The memorial was erected as the second part of a three-stage plan to commemorate the regiment in the city, the first part being a memorial tablet placed in 'The Cameronians Corner' in Glasgow Cathedral, and the third being the forming of a Regimental Memorial Club.' The entire memorial scheme was estimated to cost £7000.

Years later, the memorial’s pedestal underwent several alterations. In 1947, Colonel W.K. Rodger, the Secretary of the Cameronians 1939-45 War Memorial Fund, organised the addition of the inscription commemorating the regiment's casualties in the Second World War, and a spruce-up and repair of the memorial. Further repairs and alterations were made in 1958, when the memorial acquired a new pedestal of grey granite after the original one built of sandstone had become badly decayed. This was the work of J & G Mossman Ltd. A further decade later, an inscription panel recording the disbanding of the regiment was added to the pedestal in 1968. More recently, the memorial was restored, cleaned and repainted in 2012.


Cameronians (Scottish Rifles) War Memorial, Glasgow Cameronians (Scottish Rifles) War Memorial, Glasgow
A forgotten Cameronians tribute: At the time the memorial in Kelvingrove Park was erected, there was another memorial to the regiment's valour in the war already in existence in Glasgow. This was also in Kelvingrove Park, on Park Terrace, and it has long since been lost and forgotten. It was a German Howitzer which had been captured by the regiments' 5th Battalion near the village of Cléry-sur-Somme in France, on 9 October 1918. The gun was one of a battery of howitzers and their teams which were taken during a fast, 12 mile advance through the German lines to Cléry during the Second Battle of the Somme (the regiment also saved the village’s historic church from being deliberately blown up by the fleeing Germans, for which the villagers later erected a plaque and renamed its main square ‘Place d’Écossaise’ to commemorate the event). After being returned to Britain as a war trophy, the gun was presented to the city in 1919 by Hugh B. Spens, the battalion's commander during the war, as a tribute to the men of the battalion who had been recruited in Glasgow and who had taken part in the gun’s capture. According to Spens, almost the entire battalion was made up of Glasgow men at the time. The gun was placed on Park Terrace, within the park gates, near the statue of Lord Roberts and three trophy guns from the Crimean War, and stayed there until it was returned to the regiment around the outbreak of the Second World War (in which it played no part). The gun had narrowly escaped being sold off in 1928, when Glasgow Corporation attempted to remove all war trophies from the city’s parks, and was saved in-part by the efforts of Spens in pleading the case for Glasgow retaining the gun as an object of historic interest. Since the guns’ eventual removal some years later, it has completely disappeared. Unfortunately, no detailed photographs appear to have survived of the gun in Kelvingrove Park.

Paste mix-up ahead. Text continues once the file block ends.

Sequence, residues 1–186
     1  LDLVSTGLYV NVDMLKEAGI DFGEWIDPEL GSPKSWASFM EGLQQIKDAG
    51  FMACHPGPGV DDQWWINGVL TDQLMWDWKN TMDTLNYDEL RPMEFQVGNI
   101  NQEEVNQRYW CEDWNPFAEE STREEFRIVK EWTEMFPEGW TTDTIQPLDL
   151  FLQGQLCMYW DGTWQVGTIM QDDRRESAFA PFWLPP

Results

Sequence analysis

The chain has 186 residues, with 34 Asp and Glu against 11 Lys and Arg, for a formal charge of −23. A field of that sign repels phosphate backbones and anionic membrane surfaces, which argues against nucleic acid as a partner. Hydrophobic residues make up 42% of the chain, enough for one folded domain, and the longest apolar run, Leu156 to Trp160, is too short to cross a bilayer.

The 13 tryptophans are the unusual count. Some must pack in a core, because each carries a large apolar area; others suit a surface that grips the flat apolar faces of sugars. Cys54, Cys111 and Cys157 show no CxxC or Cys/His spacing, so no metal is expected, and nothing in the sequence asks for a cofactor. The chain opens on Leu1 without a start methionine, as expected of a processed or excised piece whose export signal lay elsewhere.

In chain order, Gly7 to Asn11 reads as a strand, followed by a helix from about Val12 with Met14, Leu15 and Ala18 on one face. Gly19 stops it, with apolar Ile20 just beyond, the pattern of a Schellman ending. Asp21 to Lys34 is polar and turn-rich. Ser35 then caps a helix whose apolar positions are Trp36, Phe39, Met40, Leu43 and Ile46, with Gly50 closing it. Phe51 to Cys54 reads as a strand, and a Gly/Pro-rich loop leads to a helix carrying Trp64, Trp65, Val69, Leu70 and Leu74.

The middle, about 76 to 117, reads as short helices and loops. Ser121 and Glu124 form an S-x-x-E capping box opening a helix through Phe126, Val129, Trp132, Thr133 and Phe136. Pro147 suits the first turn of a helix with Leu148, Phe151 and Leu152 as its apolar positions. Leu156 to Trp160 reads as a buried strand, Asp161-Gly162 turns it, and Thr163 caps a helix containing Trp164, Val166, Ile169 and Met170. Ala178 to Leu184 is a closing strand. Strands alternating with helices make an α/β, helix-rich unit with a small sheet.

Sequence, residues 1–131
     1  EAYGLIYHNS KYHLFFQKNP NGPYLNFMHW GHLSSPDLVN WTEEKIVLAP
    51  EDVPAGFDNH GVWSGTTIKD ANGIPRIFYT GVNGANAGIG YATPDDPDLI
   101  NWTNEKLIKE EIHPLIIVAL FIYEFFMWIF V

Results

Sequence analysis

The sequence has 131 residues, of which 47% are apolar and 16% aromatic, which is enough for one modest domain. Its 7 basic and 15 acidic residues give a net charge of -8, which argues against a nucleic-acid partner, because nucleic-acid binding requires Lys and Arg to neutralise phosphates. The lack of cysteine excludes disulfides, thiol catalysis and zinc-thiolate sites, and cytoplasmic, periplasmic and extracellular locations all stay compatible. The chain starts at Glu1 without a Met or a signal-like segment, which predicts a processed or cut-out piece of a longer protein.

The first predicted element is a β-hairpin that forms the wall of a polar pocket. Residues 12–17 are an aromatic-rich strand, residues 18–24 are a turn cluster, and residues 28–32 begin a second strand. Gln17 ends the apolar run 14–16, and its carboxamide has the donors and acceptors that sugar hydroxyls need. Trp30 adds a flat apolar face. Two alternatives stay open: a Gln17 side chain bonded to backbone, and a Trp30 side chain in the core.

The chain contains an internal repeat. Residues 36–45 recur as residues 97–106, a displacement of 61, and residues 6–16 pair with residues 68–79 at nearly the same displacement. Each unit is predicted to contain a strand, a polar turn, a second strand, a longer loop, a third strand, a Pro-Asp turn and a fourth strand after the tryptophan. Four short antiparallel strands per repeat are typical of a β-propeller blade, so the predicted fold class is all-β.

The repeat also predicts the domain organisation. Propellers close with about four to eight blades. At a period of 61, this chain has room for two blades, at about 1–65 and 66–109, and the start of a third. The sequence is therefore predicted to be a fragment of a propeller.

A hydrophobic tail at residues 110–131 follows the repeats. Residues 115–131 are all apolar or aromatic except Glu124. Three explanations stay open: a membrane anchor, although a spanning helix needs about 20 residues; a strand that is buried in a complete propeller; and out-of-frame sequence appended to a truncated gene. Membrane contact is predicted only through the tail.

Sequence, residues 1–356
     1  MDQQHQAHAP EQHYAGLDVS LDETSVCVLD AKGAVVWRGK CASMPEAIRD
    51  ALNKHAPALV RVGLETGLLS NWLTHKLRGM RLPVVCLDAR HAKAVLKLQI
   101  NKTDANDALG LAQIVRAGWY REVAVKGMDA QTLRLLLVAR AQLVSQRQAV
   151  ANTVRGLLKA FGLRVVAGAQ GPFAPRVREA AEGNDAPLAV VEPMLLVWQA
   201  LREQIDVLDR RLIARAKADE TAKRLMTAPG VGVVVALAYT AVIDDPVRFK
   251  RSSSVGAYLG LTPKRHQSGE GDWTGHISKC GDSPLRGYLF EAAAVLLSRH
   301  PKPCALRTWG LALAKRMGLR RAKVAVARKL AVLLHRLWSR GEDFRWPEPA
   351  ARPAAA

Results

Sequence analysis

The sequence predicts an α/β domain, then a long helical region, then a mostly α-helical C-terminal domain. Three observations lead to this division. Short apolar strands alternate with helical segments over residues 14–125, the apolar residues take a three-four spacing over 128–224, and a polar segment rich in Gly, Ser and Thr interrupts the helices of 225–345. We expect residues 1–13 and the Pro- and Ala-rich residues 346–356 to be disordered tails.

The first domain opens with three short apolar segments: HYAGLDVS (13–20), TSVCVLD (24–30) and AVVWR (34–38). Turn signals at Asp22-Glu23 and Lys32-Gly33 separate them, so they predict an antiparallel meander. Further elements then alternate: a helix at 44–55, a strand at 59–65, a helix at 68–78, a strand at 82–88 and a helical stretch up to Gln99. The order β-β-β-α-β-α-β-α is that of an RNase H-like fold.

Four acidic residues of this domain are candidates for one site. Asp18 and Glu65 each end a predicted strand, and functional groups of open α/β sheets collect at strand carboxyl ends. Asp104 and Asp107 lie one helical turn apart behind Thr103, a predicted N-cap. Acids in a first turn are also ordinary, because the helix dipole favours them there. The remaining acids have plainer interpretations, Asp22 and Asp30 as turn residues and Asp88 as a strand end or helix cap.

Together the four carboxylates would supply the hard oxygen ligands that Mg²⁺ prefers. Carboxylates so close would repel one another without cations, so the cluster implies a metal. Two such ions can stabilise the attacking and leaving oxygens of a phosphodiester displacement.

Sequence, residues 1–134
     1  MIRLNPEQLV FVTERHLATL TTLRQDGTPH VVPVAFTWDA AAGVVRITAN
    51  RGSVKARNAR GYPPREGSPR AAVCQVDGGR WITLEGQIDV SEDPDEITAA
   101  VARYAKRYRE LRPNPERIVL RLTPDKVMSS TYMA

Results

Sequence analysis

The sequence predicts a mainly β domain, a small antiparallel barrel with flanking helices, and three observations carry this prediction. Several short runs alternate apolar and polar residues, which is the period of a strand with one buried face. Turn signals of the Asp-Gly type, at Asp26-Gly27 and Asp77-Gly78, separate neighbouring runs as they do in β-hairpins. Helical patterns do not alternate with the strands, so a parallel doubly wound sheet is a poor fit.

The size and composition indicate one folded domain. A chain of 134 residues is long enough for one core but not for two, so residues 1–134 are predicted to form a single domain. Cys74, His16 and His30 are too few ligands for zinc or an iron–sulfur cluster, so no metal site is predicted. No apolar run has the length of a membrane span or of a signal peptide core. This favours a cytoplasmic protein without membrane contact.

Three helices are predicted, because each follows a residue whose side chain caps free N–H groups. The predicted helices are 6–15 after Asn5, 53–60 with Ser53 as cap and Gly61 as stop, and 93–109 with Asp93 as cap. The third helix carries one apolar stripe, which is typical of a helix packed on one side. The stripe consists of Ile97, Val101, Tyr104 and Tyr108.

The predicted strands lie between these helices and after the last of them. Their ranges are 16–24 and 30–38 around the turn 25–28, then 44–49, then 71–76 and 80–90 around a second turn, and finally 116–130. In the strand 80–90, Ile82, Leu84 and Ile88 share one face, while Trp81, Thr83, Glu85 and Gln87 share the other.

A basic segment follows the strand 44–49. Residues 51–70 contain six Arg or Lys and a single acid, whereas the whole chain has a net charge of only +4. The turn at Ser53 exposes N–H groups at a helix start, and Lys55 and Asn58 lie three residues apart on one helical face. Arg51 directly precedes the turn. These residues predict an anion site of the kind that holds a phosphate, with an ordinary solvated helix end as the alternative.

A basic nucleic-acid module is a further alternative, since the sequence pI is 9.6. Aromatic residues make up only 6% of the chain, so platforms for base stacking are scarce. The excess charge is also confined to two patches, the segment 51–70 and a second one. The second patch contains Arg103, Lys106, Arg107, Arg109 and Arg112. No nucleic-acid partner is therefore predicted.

Cameronians (Scottish Rifles) War Memorial, Glasgow Cameronians (Scottish Rifles) War Memorial, Glasgow Cameronians (Scottish Rifles) War Memorial, Glasgow
Memorial plaques on the monument and the sculptor's signature.

 

Cameronians (Scottish Rifles) War Memorial, Glasgow Cameronians (Scottish Rifles) War Memorial, Glasgow

A rare view of the original sandstone pedestal.
This was replaced in 1958, by J & G Mossman Ltd, after it had become badly weathered and unsightly.
(With the present-day pedestal shown alongside).